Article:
By Braden Schroeder
Student athletes should be aware of changes to the school corporation’s policies for illegal substances.
Assistant principal Joe Voelker confirmed this year if an athlete is caught with tobacco on a first offense he or she will only miss 5 percent of the season instead of 10 percent as it used to be.
“The rationale for the change was to match the level of consequence received by students who commit the same offenses during the school day,” said assistant principal of student activities and athletic director Jeff Cerqueira.
“Administration from New Albany and Floyd Central met with (director of high schools) Dr. Louie Jensen and collaborated together to make the changes,” said Cerqueira.
The amount of time off of the student athlete’s season for being caught with alcohol, controlled substances, marijuana, and other illegal substances was also changed.
“Marijuana, alcohol, controlled substances, etc. have been reduced from 20 percent to 10 percent for a student’s first offense,” said Voelker.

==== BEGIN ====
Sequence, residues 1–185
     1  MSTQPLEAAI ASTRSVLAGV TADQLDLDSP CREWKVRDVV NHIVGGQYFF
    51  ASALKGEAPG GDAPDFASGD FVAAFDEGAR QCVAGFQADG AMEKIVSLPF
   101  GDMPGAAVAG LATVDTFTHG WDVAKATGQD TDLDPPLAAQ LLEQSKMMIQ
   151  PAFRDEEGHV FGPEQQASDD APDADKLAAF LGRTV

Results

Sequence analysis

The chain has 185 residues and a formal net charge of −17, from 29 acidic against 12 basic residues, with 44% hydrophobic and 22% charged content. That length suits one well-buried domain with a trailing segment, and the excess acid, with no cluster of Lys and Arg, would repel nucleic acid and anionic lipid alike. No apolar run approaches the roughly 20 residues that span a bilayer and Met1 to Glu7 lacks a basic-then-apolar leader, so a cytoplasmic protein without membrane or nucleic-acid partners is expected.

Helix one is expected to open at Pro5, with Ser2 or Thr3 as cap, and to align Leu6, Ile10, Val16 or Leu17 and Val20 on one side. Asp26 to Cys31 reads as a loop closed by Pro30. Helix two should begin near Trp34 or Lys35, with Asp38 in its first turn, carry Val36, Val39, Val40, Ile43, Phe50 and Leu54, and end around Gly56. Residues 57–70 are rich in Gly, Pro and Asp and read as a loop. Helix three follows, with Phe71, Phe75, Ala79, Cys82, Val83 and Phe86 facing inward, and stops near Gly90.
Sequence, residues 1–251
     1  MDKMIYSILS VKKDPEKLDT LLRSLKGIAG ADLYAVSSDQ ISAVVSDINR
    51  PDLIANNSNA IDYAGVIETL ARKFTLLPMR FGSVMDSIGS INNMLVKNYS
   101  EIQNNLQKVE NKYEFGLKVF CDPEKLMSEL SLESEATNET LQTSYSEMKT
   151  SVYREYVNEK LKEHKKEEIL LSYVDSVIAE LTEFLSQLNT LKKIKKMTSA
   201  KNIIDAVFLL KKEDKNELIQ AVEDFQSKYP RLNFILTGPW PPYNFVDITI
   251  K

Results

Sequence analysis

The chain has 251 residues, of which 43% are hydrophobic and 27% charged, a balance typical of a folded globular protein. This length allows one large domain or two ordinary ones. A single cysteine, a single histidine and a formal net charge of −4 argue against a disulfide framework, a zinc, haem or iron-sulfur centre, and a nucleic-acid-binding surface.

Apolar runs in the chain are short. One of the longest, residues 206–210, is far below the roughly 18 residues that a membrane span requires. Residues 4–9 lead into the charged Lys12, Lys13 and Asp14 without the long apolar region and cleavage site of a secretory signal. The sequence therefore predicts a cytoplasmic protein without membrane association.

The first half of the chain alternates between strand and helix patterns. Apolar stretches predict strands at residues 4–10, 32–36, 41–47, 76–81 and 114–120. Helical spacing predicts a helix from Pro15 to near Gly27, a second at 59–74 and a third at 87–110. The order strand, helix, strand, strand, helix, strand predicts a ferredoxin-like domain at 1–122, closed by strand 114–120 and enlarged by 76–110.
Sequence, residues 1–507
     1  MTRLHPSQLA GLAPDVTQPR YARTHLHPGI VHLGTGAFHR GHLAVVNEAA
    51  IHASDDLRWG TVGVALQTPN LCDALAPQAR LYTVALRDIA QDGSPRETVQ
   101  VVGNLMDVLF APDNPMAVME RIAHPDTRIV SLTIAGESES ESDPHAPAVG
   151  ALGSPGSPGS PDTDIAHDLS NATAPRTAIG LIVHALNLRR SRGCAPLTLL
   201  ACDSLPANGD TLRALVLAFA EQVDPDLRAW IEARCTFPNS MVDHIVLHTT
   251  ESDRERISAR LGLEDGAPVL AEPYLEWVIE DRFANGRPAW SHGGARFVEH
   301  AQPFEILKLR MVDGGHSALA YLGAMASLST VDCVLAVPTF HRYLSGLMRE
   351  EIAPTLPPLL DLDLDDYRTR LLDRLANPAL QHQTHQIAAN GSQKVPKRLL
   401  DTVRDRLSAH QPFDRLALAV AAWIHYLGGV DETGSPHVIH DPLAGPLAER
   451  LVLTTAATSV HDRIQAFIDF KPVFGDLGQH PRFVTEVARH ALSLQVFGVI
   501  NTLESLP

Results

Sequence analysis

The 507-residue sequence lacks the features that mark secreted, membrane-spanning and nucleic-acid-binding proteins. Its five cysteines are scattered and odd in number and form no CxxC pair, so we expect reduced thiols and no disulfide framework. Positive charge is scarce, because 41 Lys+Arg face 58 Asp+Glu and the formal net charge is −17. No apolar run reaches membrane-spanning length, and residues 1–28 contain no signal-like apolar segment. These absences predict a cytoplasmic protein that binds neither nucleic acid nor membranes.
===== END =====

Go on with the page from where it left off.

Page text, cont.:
With reduced punishments also comes questioning if number of incidents with tobacco, marijuana, alcohol, and controlled substances will increase.
“Since the punishment is not as harsh I think people will be less worried about it,” said sophomore Chris Boone. Other students agreed.
“People will think that since it [the punishment] is down then they can get away with it and it would not be a big deal to be caught,” said freshman Emma Briscoe.
While some think it will increase incidents, others argue that it will not.
“I do not really think it will at all. The people who use it will still use it and the people that do not will not use it,” said senior Luke Uhl.
Administrators also think that it will not cause an increase in violations among student athletes.
“I do not think there will be a rise in the number of incidents because there is still a punishment and players who train all year long for a sport will not want to sit out of contests,” said Voelker.
Statistics back up the new rule as well.
“Based on discipline data, students do not change their behavior due to a minor increase or decrease in consequences. We feel that having a consequence will hold student athletes accountable while at the same time not make it excessively punitive if they make a poor choice,” said Cerqueira.
“As far as I know people have been doing illegal things for as long as I can remember,” said sophomore Brandon Baugh. This thought can then lead to another thought that if any punishment will have an effect on amount of incidents relating illegal substances.
“I think they will do it regardless if there is a huge punishment or a minor punishment,” said Baugh. “That is just high school for you.”